While the deal hurts EPS in the short term, it should become accretive to EPS by 2015. Moreover, a major overhang on Broadcom’s share price – the viability of its cellular efforts – should finally be lifted, leading to a near-term improvement in sentiment, and more importantly a new long term revenue stream.
Going for a larger slice of the pie – Bigger risk, even bigger reward
Broadcom’s bread-and-butter in the wireless space – connectivity – is a good business that has grown nicely over the last couple of years. However, the problem is that its connectivity combo chips go for $3-$6, while selling the entire cellular platform (apps processor, connectivity, and cellular) can gross a company somewhere in the range of $10 to $30 per chip. Even better is that this opportunity is largely incremental, as the company already provides connectivity to many platforms that do not use its apps processors or cellular baseband and RF.
However, the risks are also clear. Developing cellular and RF technology is expensive, and building entire system-on-chip platforms is even more so. At some point, these significant investments in cellular need to pay off, particularly as shareholders become increasingly impatient. It’s not exactly confidence inspiring that Broadcom is essentially throwing its own LTE modem out and instead is replacing (while salvaging anything that could be used) it with a modem bought for a mere $164 million in overseas cash.
However, I do remain optimistic that Broadcom’s efforts will indeed pay off. This is a company that is very engineering-centric (77% of its employees are engineers), and the company’s connectivity business – as well as its networking infrastructure and home divisions – are more than profitable enough to support what needs to be done here.
The question is now all about timing and execution. If management can deliver on LTE revenues during early 2014 and if it can follow that up with a next generation, quad-core integrated part during the third quarter of 2014 as promised, then the company’s efforts – as well as the stock – should be in good shape going forward. If not, investors are going to start asking some tough questions about the longer-term viability of this business.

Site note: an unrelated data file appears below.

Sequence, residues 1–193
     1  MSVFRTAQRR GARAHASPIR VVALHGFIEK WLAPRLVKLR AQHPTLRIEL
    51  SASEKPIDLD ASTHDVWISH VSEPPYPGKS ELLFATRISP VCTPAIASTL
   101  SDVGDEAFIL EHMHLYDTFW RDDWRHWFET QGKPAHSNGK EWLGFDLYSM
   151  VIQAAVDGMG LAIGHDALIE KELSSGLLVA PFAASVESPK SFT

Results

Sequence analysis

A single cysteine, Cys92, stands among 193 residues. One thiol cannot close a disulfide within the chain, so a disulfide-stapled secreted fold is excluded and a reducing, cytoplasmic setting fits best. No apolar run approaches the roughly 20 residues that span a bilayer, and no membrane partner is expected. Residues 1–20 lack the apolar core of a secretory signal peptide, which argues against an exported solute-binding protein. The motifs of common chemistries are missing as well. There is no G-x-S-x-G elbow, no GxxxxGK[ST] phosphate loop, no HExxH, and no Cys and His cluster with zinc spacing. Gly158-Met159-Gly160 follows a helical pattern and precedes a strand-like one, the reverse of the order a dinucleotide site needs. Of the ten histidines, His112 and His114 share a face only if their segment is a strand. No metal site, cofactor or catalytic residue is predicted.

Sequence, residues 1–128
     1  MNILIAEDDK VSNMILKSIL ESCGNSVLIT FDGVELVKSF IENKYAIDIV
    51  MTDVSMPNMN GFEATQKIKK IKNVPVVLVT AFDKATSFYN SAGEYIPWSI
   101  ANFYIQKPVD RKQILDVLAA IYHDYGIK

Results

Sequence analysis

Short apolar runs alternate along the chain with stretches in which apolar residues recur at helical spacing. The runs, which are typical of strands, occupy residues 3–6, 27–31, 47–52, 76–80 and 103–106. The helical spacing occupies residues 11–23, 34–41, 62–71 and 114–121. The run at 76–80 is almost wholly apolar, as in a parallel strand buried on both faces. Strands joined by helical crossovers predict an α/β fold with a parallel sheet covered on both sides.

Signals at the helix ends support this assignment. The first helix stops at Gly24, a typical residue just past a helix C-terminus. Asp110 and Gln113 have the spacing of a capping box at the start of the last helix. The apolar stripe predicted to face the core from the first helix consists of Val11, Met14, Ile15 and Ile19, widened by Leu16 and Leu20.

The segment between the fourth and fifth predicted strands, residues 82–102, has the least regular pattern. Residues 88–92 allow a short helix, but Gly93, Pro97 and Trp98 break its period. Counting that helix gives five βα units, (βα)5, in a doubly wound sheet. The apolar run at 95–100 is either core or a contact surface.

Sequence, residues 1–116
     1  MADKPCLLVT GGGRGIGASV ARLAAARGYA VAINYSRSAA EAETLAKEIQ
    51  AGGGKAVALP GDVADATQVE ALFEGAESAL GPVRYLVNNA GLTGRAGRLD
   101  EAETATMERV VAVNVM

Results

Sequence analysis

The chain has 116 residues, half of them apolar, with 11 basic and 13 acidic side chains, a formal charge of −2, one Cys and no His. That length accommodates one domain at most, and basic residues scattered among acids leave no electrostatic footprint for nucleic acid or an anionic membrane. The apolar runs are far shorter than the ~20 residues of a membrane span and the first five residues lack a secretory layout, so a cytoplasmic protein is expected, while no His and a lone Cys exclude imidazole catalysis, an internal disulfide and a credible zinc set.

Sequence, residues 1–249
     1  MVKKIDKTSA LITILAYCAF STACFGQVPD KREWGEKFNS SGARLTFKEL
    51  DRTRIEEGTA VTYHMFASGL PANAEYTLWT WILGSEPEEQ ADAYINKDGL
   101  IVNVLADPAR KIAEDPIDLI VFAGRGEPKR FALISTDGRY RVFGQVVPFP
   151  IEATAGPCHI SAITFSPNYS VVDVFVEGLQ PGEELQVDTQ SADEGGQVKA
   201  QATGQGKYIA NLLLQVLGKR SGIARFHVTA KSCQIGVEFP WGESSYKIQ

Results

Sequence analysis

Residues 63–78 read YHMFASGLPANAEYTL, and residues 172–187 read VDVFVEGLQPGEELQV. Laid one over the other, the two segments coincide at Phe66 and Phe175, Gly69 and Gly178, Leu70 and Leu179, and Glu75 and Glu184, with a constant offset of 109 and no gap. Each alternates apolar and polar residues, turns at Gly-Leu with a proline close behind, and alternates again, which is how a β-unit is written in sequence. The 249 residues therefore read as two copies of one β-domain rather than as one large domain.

The Foolish bottom line
While I’m disappointed that Broadcom’s own internal efforts ran into a snag, I’m happy that the company got its hands on a rather choice piece of LTE hardware and a great team to go with it. I’m optimistic that investor sentiment toward Broadcom’s longer term growth prospects will finally turn, and if I’m right, it will be a nice few years of renewed growth in mobile & wireless for the company as it takes more of the handset dollar content than it currently has.
The article Broadcom’s Renesas Mobile Acquisition Is a Game-Changer originally appeared on Fool.com is written by Ashraf Eassa.
Ashraf Eassa owns shares of Broadcom. The Motley Fool has no position in any of the stocks mentioned.
Copyright © 1995 – 2013 The Motley Fool, LLC. All rights reserved. The Motley Fool has a disclosure policy.